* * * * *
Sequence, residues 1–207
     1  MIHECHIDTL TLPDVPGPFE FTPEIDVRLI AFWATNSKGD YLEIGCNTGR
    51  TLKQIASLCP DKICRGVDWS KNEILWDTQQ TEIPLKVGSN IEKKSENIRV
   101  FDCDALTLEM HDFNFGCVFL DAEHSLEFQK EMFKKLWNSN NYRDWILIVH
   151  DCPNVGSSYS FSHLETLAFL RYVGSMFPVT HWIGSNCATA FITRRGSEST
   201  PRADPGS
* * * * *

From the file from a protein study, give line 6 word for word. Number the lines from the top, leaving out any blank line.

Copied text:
   201  PRADPGS